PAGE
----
How To Carry Cocked and Locked
Feb 8, 2017
The Finer Points of Cocked and Locked Carry
One of the most popular carry methods is to cocked and locked carry, where a pistol is carried with the hammer cocked, a round chambered and a manual safety engaged. Not all pistols are capable of it; a semi-auto pistol with a manual safety is required.
However, for those that do carry in this manner or might be considering doing so (or a pistol that does), there are a few things to know about how it's done right.
Good Old Condition One
Cocked and locked carry is also referred to as "Condition One." Like just about everything defensive pistol, the genesis of the terminology is Col. Jeff Cooper, who codified a number of "conditions" of a pistol.
Each condition represents one step closer to being ready to fire and a corresponding descending number of actions required to fire.
For instance, Condition Four is where a handgun has no magazine in the mag well, no round is chambered and the hammer is cocked. Condition Three (aka Israeli carry) is where a magazine is inserted, but nothing else; Condition Two is a magazine is in the pistol and a round is chambered but the hammer is fully down.
Condition One, aka cocked and locked, is where a pistol has been loaded, charged, the hammer is fully cocked and the manual safety engaged. Condition Zero is when the safety is removed; all that's needed to fire is a trigger pull.
Mostly, it's only possible with single-action semi-auto pistols such as 1911 pistols or the Browning Hi Power, or double/single pistols that have a manual safety without a decocking function, such as certain CZ-75 models and their respective clones.
Comfort And Your Gun Belt Will Matter
Most pistols capable of classic cocked and locked carry are on the large side, so it behooves you to have a good gun belt, which is frankly necessary for compact and full-size pistols. The garden variety 1911 weighs more than 3 pounds loaded, despite being slimmer than most other full-size guns.
An insufficient gun belt will cause your gun to shift about and sag while carrying, which is never pleasant. So to ensure a good carry experience, as well as secure retention, make sure you have a good strong gun belt.
Also, another good suggestion is take steps to ensure your comfort while carrying. A cocked and locked pistol can, for some people, rub you a little raw.
It comes down to the extra bits on the slide. You see, a slide stop/release and takedown bar don't stick out too far on most pistols, but thumb safeties have a tendency to protrude away from the slide to a certain degree. The effect is that, unless you're carrying a firearm in a holster with a sweat shield, it's going to stick you in the side periodically.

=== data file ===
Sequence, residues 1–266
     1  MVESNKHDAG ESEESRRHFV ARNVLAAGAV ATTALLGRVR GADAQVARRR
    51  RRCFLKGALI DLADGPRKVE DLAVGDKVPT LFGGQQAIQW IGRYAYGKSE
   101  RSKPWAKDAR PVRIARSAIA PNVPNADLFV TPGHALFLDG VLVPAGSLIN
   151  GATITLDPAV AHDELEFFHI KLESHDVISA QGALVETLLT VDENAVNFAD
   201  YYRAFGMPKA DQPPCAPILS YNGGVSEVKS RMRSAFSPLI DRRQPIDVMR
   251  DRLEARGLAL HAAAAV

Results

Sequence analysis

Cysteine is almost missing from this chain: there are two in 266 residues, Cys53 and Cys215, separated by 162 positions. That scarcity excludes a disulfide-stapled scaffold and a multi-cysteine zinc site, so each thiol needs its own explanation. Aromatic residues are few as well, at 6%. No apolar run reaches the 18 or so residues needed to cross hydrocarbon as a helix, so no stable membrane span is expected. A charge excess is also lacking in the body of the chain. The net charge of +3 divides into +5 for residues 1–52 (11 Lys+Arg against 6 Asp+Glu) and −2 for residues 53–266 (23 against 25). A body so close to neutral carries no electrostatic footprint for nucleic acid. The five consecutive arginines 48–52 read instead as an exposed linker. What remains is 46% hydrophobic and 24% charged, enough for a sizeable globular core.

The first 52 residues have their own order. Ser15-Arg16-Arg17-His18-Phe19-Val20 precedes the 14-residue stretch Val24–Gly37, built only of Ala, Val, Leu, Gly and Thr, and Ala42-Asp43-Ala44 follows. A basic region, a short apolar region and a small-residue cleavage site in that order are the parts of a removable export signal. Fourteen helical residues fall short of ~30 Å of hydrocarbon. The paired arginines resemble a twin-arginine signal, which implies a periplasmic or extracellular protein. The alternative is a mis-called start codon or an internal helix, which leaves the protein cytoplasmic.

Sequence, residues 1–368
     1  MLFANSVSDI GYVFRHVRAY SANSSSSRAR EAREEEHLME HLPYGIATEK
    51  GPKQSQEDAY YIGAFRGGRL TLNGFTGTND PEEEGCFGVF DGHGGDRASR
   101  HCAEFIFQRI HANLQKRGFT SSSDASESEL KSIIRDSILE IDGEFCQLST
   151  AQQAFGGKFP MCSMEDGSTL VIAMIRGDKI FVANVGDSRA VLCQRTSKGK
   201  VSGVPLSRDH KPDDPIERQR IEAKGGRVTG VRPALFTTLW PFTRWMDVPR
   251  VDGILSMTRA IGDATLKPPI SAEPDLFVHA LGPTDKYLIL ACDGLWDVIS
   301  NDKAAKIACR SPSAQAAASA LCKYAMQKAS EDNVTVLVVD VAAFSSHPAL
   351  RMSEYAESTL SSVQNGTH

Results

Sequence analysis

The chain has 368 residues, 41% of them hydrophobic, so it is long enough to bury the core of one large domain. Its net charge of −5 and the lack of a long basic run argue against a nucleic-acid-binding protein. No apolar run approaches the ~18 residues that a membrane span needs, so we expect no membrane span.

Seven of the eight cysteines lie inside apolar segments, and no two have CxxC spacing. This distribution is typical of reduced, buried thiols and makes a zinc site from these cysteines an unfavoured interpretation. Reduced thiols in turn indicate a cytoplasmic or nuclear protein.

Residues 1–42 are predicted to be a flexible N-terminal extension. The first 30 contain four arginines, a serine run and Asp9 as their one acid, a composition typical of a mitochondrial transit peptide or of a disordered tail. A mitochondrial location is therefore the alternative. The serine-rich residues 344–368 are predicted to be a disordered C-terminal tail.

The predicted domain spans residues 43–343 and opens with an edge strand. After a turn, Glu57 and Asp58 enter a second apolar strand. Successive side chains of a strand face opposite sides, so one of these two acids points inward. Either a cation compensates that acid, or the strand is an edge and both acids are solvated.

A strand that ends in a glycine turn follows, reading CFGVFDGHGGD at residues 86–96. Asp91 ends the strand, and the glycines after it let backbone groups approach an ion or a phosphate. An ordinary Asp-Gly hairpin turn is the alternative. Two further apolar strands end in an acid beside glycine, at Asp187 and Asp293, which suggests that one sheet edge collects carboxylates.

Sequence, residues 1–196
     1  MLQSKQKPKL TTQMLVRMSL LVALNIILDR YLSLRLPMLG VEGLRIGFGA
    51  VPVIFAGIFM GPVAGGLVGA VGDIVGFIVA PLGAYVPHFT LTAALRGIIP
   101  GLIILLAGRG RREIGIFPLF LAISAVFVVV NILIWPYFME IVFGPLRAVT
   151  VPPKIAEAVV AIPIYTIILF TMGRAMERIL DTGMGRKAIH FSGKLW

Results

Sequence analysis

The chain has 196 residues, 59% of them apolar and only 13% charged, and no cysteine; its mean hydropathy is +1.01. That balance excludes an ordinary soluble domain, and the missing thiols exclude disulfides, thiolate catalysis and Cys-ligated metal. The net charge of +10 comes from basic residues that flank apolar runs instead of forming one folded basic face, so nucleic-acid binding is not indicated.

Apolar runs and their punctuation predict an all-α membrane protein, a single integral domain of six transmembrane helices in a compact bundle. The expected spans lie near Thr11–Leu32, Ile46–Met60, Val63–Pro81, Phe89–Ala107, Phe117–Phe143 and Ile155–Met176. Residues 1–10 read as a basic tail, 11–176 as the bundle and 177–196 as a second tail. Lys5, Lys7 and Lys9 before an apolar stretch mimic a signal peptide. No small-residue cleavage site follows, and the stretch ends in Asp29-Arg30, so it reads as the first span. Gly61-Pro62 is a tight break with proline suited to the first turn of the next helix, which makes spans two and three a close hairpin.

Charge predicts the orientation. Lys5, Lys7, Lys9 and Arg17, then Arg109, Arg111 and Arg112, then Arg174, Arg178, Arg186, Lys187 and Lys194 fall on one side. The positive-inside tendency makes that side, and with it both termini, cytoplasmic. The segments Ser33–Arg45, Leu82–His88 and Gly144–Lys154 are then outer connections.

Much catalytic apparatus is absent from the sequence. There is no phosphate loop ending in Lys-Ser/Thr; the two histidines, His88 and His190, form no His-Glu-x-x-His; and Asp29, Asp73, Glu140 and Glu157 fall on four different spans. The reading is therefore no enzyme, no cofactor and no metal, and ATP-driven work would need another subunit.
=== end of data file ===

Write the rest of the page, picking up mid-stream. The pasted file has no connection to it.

It isn't bad, but it can get annoying. Therefore, consider wearing an undershirt between the gun and your skin, especially if carrying in a high-riding OWB holster.
Get An Appropriate Cocked And Locked Holster
The best cocked and locked holster design is one with an "open top." It isn't that you can't carry with a thumb break; in fact many do for condition one carry. However, there's something you should consider.
Just like the Glock safety system and others like it mandate that any striker-fired pistol be carried with full trigger guard coverage, you may want to avoid a thumb strap on a gun you're going to carry with an engaged safety is the thumb strap may inadvertently de-activate the safety.
It really doesn't take much. Just a little rubbing this way and that way and click - the safety is disengaged. Now you have a single-action firearm that's fully cocked, with nothing but a short trigger pull in the way of a discharge.
Even a bit of clothing can trip the safety as well, if you're wearing the gun in the right place and the right kind of clothes for this outcome to occur.
Granted, there are certain counters. The 1911 in particular has a grip safety; the pistol cannot fire unless the grip safety is depressed and deactivated BEFORE pulling the trigger. Additionally, many of the pistols capable of cocked and locked carry have a firing pin block drop safety AND a half-cock notch. These features further ensure against a discharge caused by anything other than a trigger pull.
That said, if you do carry in condition one, make sure that safety deactivation is part of your regular defensive shooting practice. If you do any draw and fire drills, make sure to disengage the safety as part of your presentation and firing. That way, you'll learn to do so automatically, should you need to pull your pistol when it matters.
About The Author
Born in southeastern Washington State, Sam Hoober graduated in 2011 from Eastern Washington University. He resides in the great Inland Northwest, with his wife and child. His varied interests and hobbies include camping, fishing, hunting, and spending time at the gun range as often as possible.